One of our particular areas of focus is incorporating new ideas about the behavior of trace quantities of water in the mantle source region into melting models for normal and hotspot-affected mid-ocean ridges and back-arc basins. The discovery that water dissolves in nominally anhydrous mantle minerals and partitions into melts like a light rare-earth element led to the pHMELTS hybrid model that considers the effects of water on melting equilibria in dynamic, near-fractional polybaric melting regimes.
Further reading is available at my reprints page, including Asimow et al. (1997), Asimow & Ghiorso (1998) , Asimow (1999), Asimow & Langmuir (2003), Asimow, Dixon & Langmuir (2004), Smith & Asimow (2005) and more.
Experimental Petrology and Mineral Physics
I manage two experimental laboratories dedicated to different aspects of high-pressure Earth and planetary science: a static high-pressure lab and a shock wave laboratory.
In order to access the pressure, temperature, and chemical environments that occur anywhere in the crust and upper mantle of the Earth, and to hold samples there long enough to approach equilibrium, we have a static high-pressure, high-temperature laboratory. This lab, which includes equipment shared with Professors Rossman and Stolper, includes a Rockland Research 1000 ton multianvil device, three piston-cylinder devices, two TZM hydrothermal systems, and 1-atmosphere gas-mixing furnaces. Together these technologies give us access to conditions up to at least 20 and perhaps 25 GPa and temperatures to about 2400 °C. We have developed large-volume cells for the multianvil experiments that allow us to make and recover intact samples several millimeters across from pressures above 14 GPa. We are pursuing studies of the solubility of water in mantle minerals, the partitioning of water among melts and minerals, the effect of water on peridotite melting, the thermodynamics of silicate liquids at high pressure, and synthesis of high-pressure mineral phases.
To reach more extreme conditions, such as those appropriate to the Earth's lower mantle and core, I operate the Lindhurst Laboratory for Experimental Geophysics, also called the Caltech GPS Shock Wave Lab. This unique facility was built by the late Professor Tom Ahrens and remains the only university-hosted light gas gun laboratory in the United States dedicated to geophysics and mineral physics.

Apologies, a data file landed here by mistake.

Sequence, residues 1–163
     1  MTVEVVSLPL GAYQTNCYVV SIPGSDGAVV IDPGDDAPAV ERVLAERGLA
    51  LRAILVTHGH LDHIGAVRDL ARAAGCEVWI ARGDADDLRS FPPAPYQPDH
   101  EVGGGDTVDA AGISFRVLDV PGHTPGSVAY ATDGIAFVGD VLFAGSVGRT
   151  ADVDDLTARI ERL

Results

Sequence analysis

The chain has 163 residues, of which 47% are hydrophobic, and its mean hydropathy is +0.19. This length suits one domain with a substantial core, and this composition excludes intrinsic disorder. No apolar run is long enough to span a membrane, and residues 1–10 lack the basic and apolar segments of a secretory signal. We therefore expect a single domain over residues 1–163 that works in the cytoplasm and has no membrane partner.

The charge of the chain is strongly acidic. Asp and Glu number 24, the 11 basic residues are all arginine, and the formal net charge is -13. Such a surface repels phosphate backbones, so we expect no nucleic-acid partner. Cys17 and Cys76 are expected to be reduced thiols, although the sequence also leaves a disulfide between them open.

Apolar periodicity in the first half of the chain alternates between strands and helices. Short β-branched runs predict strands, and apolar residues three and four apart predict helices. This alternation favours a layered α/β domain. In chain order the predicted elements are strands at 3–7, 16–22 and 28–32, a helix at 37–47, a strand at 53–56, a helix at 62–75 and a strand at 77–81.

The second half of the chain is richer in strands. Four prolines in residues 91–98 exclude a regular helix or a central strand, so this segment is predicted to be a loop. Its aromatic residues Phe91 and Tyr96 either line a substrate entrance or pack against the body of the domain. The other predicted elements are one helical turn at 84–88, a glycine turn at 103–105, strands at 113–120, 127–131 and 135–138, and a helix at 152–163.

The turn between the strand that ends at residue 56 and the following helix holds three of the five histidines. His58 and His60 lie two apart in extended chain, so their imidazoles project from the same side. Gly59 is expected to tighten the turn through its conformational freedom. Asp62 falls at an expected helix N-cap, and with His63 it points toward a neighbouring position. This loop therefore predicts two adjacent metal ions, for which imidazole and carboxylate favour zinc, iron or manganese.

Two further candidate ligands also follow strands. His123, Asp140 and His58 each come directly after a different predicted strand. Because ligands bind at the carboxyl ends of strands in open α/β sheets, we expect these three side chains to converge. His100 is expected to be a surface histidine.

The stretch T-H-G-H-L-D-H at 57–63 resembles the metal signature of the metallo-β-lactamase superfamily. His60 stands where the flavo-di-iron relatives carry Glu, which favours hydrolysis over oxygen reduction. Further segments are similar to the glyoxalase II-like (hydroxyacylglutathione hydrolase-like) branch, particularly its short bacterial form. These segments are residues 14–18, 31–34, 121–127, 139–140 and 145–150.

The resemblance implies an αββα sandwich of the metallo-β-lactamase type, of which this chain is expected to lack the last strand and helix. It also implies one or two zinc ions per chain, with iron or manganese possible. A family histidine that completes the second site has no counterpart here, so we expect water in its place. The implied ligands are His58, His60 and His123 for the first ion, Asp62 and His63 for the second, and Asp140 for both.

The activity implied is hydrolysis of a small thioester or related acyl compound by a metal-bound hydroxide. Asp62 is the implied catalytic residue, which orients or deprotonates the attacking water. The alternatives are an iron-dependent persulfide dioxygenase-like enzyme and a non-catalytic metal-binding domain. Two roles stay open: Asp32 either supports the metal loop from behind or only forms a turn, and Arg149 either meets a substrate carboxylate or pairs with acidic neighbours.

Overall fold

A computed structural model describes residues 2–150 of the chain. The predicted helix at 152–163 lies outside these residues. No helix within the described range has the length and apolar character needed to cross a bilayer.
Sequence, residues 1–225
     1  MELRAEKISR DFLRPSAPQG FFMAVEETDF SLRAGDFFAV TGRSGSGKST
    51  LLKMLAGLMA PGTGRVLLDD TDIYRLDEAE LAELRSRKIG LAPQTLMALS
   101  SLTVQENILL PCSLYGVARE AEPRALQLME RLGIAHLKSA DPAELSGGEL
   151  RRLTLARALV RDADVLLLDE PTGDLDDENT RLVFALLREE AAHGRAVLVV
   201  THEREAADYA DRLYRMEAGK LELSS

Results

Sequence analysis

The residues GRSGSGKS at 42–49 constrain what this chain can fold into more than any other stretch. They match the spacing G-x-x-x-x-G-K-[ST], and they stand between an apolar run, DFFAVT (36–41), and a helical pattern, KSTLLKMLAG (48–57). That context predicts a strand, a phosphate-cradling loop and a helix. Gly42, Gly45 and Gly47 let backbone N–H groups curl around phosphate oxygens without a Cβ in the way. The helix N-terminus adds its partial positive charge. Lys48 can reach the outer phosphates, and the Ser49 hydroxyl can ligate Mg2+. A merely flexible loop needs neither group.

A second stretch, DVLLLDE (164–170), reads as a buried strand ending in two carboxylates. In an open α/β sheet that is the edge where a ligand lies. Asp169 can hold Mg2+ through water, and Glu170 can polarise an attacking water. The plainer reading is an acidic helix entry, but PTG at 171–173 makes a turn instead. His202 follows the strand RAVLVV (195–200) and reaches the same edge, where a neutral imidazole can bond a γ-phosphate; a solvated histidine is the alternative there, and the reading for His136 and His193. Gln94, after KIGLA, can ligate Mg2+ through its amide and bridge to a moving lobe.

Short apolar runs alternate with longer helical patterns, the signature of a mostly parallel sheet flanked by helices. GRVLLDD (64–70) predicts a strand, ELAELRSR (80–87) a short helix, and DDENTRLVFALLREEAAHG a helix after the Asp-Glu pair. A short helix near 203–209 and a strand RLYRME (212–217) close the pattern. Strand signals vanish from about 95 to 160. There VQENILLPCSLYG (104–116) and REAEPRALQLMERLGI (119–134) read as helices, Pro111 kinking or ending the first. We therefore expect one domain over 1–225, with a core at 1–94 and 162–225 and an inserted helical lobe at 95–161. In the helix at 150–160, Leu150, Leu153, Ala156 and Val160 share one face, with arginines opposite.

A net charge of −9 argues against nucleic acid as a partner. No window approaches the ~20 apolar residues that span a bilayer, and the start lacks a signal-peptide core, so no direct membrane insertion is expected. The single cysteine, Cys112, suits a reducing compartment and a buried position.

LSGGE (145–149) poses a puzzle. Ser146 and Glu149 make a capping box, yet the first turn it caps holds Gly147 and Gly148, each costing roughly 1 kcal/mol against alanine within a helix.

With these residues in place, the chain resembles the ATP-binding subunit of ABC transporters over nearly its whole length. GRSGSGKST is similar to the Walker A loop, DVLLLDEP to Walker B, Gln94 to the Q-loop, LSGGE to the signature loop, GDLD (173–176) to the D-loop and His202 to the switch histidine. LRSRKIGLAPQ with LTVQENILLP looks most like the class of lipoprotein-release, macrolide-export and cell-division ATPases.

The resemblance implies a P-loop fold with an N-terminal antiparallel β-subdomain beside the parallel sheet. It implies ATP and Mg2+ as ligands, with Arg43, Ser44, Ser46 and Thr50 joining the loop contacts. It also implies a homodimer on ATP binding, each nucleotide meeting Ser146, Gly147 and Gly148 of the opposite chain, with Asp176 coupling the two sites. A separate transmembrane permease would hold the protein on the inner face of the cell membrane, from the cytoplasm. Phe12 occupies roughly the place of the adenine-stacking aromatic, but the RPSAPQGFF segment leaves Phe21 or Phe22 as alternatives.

Further reading on our experimental work is available at my reprints page, especially Mosenfelder et al. (2006), Mosenfelder et al. (2007), Mosenfelder et al. (2009), Asimow & Ahrens (2010), Balta et al. (2011), Hamecher et al. (2012), and more.
More and Assorted!
My students and I are often engaged in numerous other studies, usually arising from collaboration with others scientists and students. This has included work on the (oxygen and iron) stable and (strontium and neodymium) radiogenic isotopic composition of mantle-derived basalts and crustal anatectic melts, the petrological evolution of precursors to ultra high-pressure metamorphic rocks, the synthesis and characterization of advanced thermoelectric materials, the application of quantum modeling methods to geological solid and liquid solutions, trace element and noble gas partitioning and diffusion, NMR spectroscopy of high-pressure glasses and minerals, incorporation of thermodynamic models into computational fluid dynamic models, and whether or not glacially-driven sea-level fluctuations influence mid-ocean ridge melt production! Again, see my reprints page for details.
James B. Macelwane Medal of the AGU
Frank Wigglesworth Clarke Medal of the Geochemical Society
Richard P. Feynman prize for excellence in teaching at Caltech
Fellow of the American Geophysical Union
Fellow of the Mineralogical Society of America
For PDF reprints of papers that may not be available from the links below, see my page at CaltechAUTHORS
Instructors: Asimow, Jackson, Rossman